His parents travelled extensively in Canada and the U.S.A. and Jack attended 14 different schools, finishing his formal education at Bellahouston Academy and the Royal Scottish Academy of Music, to which he won a scholarship for cello and composition. He left the Academy and his homeland at the age of 16, because of poverty and discouraged by his professors’ lack of interest in his ideas.
Jack travelled to Italy and then England, playing double-bass in dance bands and jazz groups, and joined his first important band in 1962 in London. This was Alexis Korner’s Blues Inc. with whom Charlie Watts, later to join the Rolling Stones, was their drummer. Jack left Alexis in 1963 to form a group with organist Graham Bond, guitarist John McLaughlin and drummer Ginger Baker. This group became the seminal Graham Bond Organisation after McLaughlin left, and saxophonist Dick Heckstall-Smith joined. Jack was compelled by Ginger Baker to leave this band after three years, because his playing was “too busy”!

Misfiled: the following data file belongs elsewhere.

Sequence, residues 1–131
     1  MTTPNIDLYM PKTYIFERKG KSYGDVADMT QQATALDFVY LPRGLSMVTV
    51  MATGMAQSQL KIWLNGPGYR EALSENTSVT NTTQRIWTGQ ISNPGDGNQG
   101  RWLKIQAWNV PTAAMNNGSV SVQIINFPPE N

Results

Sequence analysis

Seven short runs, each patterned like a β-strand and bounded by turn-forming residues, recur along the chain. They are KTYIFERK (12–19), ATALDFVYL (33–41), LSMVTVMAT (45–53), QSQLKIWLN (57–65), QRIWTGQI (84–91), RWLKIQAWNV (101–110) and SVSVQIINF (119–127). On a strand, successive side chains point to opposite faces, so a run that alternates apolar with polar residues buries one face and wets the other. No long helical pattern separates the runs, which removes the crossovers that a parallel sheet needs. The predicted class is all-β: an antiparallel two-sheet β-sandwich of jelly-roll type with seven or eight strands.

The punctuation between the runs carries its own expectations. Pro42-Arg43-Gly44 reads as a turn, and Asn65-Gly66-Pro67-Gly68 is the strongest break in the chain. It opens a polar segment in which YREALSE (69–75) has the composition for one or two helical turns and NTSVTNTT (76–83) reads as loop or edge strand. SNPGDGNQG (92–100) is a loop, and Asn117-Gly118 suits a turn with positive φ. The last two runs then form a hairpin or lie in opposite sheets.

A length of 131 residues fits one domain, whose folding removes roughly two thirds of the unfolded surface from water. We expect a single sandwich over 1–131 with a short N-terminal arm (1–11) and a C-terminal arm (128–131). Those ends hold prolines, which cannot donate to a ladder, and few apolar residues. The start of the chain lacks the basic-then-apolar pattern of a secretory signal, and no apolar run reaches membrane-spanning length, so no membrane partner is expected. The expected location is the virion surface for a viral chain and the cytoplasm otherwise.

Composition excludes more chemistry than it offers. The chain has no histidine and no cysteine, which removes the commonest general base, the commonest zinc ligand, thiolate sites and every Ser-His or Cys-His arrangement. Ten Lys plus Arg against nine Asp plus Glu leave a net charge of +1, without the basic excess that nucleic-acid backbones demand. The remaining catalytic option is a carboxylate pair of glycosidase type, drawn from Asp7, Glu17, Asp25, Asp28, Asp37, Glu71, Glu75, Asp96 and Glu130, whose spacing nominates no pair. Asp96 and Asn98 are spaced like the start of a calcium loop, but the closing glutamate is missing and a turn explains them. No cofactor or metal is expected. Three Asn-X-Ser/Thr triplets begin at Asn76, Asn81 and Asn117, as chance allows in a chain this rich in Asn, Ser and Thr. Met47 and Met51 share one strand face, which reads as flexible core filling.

Jack turned down Marvin Gaye’s offer to join his U.S.-based band because of his impending first marriage. He then joined John Mayall’s Blues Breakers, where he first met Eric Clapton, followed by Manfred Mann in an ill-advised attempt at commercialism. It was Ginger Baker who initially asked Jack to form a trio with Eric Clapton. Eric insisted that Jack would be the singer.
Cream went on to sell 35 million albums in just over two years and was awarded the first ever platinum disc for Wheels of Fire. Jack wrote and sang most of the songs, including “I Feel Free”, “White Room”, “Politician” and perhaps the world’s most performed guitar riff, in “Sunshine Of Your Love”. Cream split in November 1968 at the height of their popularity; Jack felt that he had strayed too far from his ideals and wanted to re-discover his musical and social roots.